There was a sheer contrast in activity-levels in round seven, with Guerrero going punch-happy and Mayweather content to take a breather but that break cost Floyd the round. Guerrero, though, could not capitalise on his momentum in the eighth as he still had no answer for his opponent’s straight right shot; a punch that depleted him of stamina every time it pierced his body armour and opened up a cut around the eye when it was head-bound. Mayweather’s form was unstoppable and a hellacious hooking punch tested Guerrero’s chin and watered the eyes of his crestfallen wife sat ringside.

In the championship rounds, Guerrero didn’t change his game plan. He kept pushing forward, he threw his punches, but he walked into shots and had his gloves to low as Mayweather looped in cuffing left mitts, jabbed him with his lead left and crushed him with the straight right. Mayweather was masterful, majestic and a defensive wizard who had successfully beguiled his 44th challenger with enough boxing artistry to pitch a near shut-out. Yes, he may be increasing in years, but performances such as these are ageless.

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Photos: Saul Canelo Alvarez drops and decisions Austin Trout: I want Floyd Mayweather next!

21 Apr
As featured on NewsNow: Boxing news

Words: Alan Dawson – London

Photo Credit: Tom Casino/Showtime (unless otherwise stated)

Popular junior middleweight prizefighter Saul Alvarez enjoyed a convincing points victory over 154lb rival Austin Trout on Saturday, April 20 at the Alamodome in San Antonio Texas, however, the fight was far more competitive than the scores submitted by the judges at ringside. Trout capitalised on Alvarez’s slow start yet could not cope with the Mexican’s famed tenacity and power and was eventually felled in round seven. Having become the first to defeat Trout, Canelo Alvarez reaffirmed his desire to take on pound for pound king Floyd Mayweather Jr and take his zero also.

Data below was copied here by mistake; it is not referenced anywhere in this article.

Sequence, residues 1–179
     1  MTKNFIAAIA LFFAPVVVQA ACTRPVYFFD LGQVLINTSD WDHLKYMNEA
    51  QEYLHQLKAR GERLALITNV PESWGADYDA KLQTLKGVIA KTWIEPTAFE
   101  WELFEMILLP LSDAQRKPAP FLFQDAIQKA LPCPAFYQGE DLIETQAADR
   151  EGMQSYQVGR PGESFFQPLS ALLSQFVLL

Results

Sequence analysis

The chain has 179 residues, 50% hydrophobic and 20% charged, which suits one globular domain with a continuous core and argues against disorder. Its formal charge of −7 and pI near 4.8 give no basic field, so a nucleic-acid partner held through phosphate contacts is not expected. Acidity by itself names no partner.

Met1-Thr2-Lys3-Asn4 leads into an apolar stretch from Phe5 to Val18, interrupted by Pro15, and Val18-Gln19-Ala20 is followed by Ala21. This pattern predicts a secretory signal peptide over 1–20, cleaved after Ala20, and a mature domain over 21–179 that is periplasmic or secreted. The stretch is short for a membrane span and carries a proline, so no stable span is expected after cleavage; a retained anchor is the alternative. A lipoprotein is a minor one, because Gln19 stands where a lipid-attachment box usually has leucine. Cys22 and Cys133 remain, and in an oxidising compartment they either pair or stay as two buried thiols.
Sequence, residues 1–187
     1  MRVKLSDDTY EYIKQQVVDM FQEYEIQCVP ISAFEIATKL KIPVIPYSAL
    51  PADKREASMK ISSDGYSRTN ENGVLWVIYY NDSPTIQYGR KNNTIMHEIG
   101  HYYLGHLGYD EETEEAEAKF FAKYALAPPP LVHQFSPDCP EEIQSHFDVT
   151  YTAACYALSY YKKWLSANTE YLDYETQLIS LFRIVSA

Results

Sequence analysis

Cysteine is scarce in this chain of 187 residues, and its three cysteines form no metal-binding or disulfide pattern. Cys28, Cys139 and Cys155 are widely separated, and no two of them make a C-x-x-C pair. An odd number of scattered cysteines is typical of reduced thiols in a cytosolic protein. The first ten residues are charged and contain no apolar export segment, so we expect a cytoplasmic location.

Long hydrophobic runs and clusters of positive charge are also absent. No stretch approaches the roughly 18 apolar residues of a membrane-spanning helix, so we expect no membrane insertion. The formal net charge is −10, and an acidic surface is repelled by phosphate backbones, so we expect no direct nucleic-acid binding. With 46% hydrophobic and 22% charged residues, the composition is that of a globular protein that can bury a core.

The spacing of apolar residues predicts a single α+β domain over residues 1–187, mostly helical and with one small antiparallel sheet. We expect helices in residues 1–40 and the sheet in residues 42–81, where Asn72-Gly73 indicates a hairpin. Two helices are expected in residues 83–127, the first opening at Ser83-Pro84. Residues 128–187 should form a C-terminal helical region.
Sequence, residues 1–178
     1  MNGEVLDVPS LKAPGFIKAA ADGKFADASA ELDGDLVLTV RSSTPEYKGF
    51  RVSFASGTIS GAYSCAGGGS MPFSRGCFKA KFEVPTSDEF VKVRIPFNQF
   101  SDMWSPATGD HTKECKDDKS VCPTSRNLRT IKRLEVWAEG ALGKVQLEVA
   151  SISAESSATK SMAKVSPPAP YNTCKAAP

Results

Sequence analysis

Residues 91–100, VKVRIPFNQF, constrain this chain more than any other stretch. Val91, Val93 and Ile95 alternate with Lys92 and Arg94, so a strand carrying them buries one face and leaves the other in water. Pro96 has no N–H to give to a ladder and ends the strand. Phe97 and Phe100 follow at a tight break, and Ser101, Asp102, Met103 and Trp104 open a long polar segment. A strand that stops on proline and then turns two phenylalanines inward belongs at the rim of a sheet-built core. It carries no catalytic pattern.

Credit: Stephanie Trapp/Showtime

Alvarez put 38,000 bums in seats. Credit: Stephanie Trapp/Showtime

“Canelo shocked us,” said Trout after succumbing to a career first defeat as a professional. “He boxed better than I thought. He moved a lot better than I thought. I did not underestimate him – we just prepared for a totally different fighter. He was the better man,” added the American with no excuses. “He was quicker. He was stronger. He was… better.”

Credit: Tom Casino

Saul clobbered Austin’s noggin’

Credit: Tom Casino

Punching the sweat off Trout’s neck

Credit: Tom Casino

Scoring the seventh round knockdown

Alvarez extended his ledger to 42-0-1, 30ko and added the WBA and The Ring Magazine title to his WBC belt. Having fortified his claim as the junior middleweight’s number one, Saul declared his eagerness to pit his pugilistic wits against Floyd: “Obviously I want Mayweather next.”

On Trout, he added: “Austin was a difficult fighter but I figured out how to fight him. I was connecting with my right and with my jab. My jab was perfect… the key.”

Credit: Stephanie Trapp/Showtime

Alvarez salutes his huge fanbase whilst sporting his loot

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Tyson Fury rises from canvas to deck Steve Cunningham, wins 7th Rd KO

20 Apr

  Tommy Barber- London

Manchester mauler Tyson Fury (21-0-0, 15ko) was knocked down and oft out-boxed by Philadelphian counterpart Steve Cunningham (25-6-0, 12ko) on April 20 inside the Theater at Madison Square Garden, New York City but, in what is fast becoming Tyson’s trademark, the British-Irish puncher rose from the floor, regained his composure and pounded out a thrilling seventh round knockout victory.

Barber’s scorecard

Round 1 2 3 4 5 6 7 8 9 10 11 12
Cunningham
9 10 10 10 10 9 8

Fury
10 8 9
9 8 10 10

Official verdict: Fury by way of 7th Rd KO.

Earlier in the week, On The Beak‘s Alan Dawson spoke with renowned sportscaster Al Bernstein, who told OTB that he foresees a world title belt around the Brit’s waist in the near future: “[Fury] has improved a lot in the last few years. I think he will win a world title at some point… time is on his side.”